TEL AVIV -- Last week's viral video showing an Israeli policeman beating an Ethiopian-Israeli soldier triggered mass protests in Tel Aviv during Sunday's rush hour. Thousands of Israelis poured into the streets to demand an end to recurring racism, particularly within the government and police force.
Some protesters, many of whom were Israeli Jews of Ethiopian descent, sat in the middle of large intersections in Tel Aviv, purposely stopping traffic to bring attention to what they say is inherent racism within parts of Israeli society. Others linked arms and led marches down streets, raising their fists and Israeli flags high above the crowd.
One protester, Daniel Arefayne, told The WorldPost that it wasn't just the brutal video that prompted him to come to the demonstration with his three young children. Incidents of violence and racism toward Ethiopian-Israelis keep happening, he said, and he's sick of it. He wants his children to have a better, safer future in Israel.
"We are here to say it's enough," he said, tightly holding the hands of his kids. "We are equal. We may have a different color, but we're human."
Some Israelis, as well as African migrants and Palestinians, have long complained of what they say is systemic racism in Israel.
Sunday, people of all colors and creeds came out to show their support for Ethiopian-Israelis, a group that has about 135,000 people in a country's 8 million.
"I want them to know they aren't alone," said Ben Blugrond, an Israeli citizen originally from Baltimore. "I know it's a sad thing to say, but I want them to see there are white faces here. I want to show solidarity."
While a smaller protest in Jerusalem turned relatively violent Thursday evening, with clashes between protesters and police, Tel Aviv's demonstration stayed largely peaceful. The WorldPost witnessed one brief scuffle between security forces and protesters, in which it appeared that demonstrators surrounded and pushed a nearby vehicle with a passenger inside. In another moment of anger, a man walked through the protest, angrily shouting against the march, but fellow protesters pulled each other back so as not to engage with him.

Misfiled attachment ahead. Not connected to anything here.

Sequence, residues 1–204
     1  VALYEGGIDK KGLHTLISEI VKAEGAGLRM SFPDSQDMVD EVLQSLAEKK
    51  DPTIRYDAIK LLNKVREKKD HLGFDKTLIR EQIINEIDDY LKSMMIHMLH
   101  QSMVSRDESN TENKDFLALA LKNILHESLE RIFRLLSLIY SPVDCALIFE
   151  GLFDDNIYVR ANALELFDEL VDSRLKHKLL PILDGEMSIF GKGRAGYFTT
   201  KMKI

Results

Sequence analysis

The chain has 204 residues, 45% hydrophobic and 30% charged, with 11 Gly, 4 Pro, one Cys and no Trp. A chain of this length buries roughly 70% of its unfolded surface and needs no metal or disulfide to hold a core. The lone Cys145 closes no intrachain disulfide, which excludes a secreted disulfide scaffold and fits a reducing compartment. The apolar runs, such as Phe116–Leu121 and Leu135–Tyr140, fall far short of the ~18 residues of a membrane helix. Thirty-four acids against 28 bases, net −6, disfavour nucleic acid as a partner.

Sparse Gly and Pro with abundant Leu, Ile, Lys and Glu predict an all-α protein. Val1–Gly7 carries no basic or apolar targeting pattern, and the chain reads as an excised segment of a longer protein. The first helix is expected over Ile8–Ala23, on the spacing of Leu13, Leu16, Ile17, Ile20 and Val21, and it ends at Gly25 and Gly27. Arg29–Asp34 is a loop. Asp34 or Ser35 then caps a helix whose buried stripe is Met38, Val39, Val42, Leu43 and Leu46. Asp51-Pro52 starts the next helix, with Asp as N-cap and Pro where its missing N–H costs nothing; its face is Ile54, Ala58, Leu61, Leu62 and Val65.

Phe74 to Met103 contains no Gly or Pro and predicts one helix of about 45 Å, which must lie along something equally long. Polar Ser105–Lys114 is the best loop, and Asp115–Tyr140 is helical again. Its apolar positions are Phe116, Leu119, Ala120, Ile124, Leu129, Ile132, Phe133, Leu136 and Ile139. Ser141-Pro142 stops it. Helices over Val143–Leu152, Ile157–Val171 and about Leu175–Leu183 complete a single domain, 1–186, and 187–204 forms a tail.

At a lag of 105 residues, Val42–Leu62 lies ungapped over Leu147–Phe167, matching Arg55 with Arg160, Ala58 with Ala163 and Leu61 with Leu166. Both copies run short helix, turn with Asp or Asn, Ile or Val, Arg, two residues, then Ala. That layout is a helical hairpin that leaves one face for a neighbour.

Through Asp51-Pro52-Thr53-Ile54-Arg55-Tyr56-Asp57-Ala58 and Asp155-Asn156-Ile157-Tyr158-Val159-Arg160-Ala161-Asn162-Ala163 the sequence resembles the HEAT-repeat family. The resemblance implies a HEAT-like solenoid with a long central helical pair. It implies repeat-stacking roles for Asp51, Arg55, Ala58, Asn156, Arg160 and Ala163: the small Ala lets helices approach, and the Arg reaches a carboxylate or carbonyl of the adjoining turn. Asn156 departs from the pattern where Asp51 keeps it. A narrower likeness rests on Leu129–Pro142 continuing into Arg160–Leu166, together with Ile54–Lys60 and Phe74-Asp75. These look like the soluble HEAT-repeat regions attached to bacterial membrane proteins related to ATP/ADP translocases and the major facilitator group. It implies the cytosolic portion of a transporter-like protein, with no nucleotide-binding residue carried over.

Security forces, both uniformed and plain-clothed, were deployed in large numbers, but it wasn't all tense. The WorldPost saw several Ethiopian-Israeli protesters talking, laughing and shaking hands with policemen.
But by nightfall, the protest took a violent turn in Tel Aviv's Rabin Square, with police officers using tear gas on demonstrators who are said to have thrown rocks and overturned police cars. Over two dozen officers have reportedly been injured so far this evening and at least several protesters. Helicopters hovered low in the sky late into the night.
Police Insp.-Gen. Yohanan Danino said investigations over police misconduct would be re-opened, but this promise is met with skepticism by some Ethiopian-Israelis who fear it's all talk.
"We need help," said Braca Ariela Tamno, a young Ethiopian-Israeli woman and mother, explaining why she was marching. "God, help us."
"The police don't like black men and women and children," she continued as protesters rushed past her to join the swelling crowd.
This post has been updated with reports of the protests turning violent.
Here are some photos of Sunday's mass march through Tel Aviv: